One was free-throw shooting – 18 of 21, or 85.7 percent – along with three-point shooting, 14 of 25, or 56 percent.
Another was the steadily improving play by starter Rosalyn Gold-Onwude at the point. She knocked down four of her five shots, all of them three-pointers, hauled in four rebounds, made four assists and stole the ball twice in just 21 minutes of playing time. She also displayed her usual bulldog defensive style. Head coach Tara VanDerveer, speaking to the Fast Break Club after the game, praised Ros for all the extra work she has put in to hone her game.
Then there were the six bench players, who also showed significant improvement and played more than half of the game, scoring a total of 47 points. Freshman forward Sarah Boothe had her first double-double. “She’s looking more fit. She loves to play, and she loves to work,” Tara said. “She’s very coachable.”
Freshman Lindy La Rocque played point for part of the game and tossed in three of her signature three-pointers. Freshman guard Grace Mashore, who had missed several games because of a groin injury, came in with 5:40 left on the clock and promptly poured in a three-pointer to push the Stanford tally to 100, setting off a crowd uproar. She also scored the game’s final points, another three-pointer, with 41 seconds left. In all, the bench accounted for six of the team’s 14 three-pointers.
“I’m excited for a lot of players on our team, but it’s kind of sad for the other team,” Tara said in her opening remarks after the game. She noted that center Jayne Appel was 10 for 12 in her shooting and that “Jill’s been on a roll,” referring to senior forward Jillian Harmon, who has been a spark plug in recent games. “It’s really great to have that senior leadership.” As for guard Jeanette Pohlen, “she’s special,” the coach said.
Assessing the team’s primary conference rival, Tara said, “It works in our favor when Cal plays well.” So far, Cal has matched Stanford win-for-win in the Pac-10. There’s no opportunity for the Cardinal women to take any game for granted because its cross-bay foe is always breathing down their necks.
Guard Melanie Murphy again sat out the game with sprained big toes. Forward Ashley Cimino didn’t play because of back spasms. Tara hopes to have them back at practice next week.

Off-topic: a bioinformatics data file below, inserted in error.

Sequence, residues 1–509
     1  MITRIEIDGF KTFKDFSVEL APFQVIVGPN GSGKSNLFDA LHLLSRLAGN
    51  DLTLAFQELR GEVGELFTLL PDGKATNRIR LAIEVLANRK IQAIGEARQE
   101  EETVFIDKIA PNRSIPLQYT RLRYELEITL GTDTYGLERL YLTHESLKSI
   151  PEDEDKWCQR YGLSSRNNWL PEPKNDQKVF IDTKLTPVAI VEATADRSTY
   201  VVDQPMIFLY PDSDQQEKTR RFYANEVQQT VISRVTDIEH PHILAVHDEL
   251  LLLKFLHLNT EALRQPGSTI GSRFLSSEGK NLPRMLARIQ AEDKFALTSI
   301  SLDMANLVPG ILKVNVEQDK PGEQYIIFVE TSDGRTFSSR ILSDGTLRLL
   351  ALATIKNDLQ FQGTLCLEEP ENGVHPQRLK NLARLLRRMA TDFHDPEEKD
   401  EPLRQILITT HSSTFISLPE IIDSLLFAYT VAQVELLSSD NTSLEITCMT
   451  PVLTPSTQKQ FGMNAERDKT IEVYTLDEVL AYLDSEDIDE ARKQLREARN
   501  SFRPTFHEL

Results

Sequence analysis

The one disappointing note on the injury front (aside from point guard JJ Hones, who’s out for the season while recuperating from ACL surgery) is that senior forward Morgan Clyburn probably won’t play at all this season. She underwent surgery on both feet at the end of last season, and the healing has been slower than expected. Nevertheless, “she’s a great mom for the team,” Tara said. She’ll graduate in June and will not red shirt. Instead, Tara expects the biomedical engineering major to go on to great things professionally.
One fan asked if the team will wear the black road uniforms that they sported all the way to the NCAA championship game last season. The coach said that will be her decision. She wants them to be more aggressive. “We haven’t been road warriors yet.”
On the other hand, the Cardinal played some of the best teams in the nation leading up to conference competition. “Our tough schedule really has helped us,” Tara said. “All we want to do is keep improving.”
Prior to Tara’s comments, Brandon Marcello, Stanford director of sports performance, talked about his role in helping all of the university’s athletes. He’s concerned about strength, conditioning, nutrition, recovery and rest – “every single aspect of performance.” All of his and his staff’s efforts are intended to prevent injuries and help the players throughout their college years and afterward.
Brandon’s colleagues include Devan McConnell, recently hired as an assistant strength and conditioning coach for the women’s basketball team, along with the team’s trainer, Marcella Shorty. In addition to his staff’s work with players, Brandon is coordinating with other campus resources such as the sleep center, human performance lab and even the engineering department to find ways to help.
Women’s basketball players are undergoing 3-D screenings at the human performance lab to see how their knees function. The goal is to find ways to prevent the ACL injuries that have plagued female basketball players throughout the nation.
He and his colleagues have been counseling JJ, who had her second ACL surgery on Dec. 29, on how to speed her recovery. They have advised her to take 400 mg of fish oil every day to reduce inflammation, eat foods rich in anti-oxidants and eliminate processed foods.
They also have helped Jayne and Jeanette schedule when to eat. In general, he advises athletes to eat every three hours and after exercise. Because it’s important to maintain muscle mass, he advises them to drink a cup of milk before bedtime. Nonfat milk is usually preferred, but whole milk is better for players recovering from stress injuries.
He has three general nutritional rules for athletes:
- Eat a rainbow of foods – the more color on the plate the better – meaning lots of colorful vegetables and fruits.
- Get your protein from lean sources – the fewer legs they have, the better. That means that poultry is better than beef, pork or lamb, but fish is best of all.
- Eat foods rich in omega-3 fatty acids (fish, certain nuts, among others) to decrease inflammation, but stay away from foods with omega-6 fatty acids (some cooking oils, egg yolks, red meats and organ meats, among others).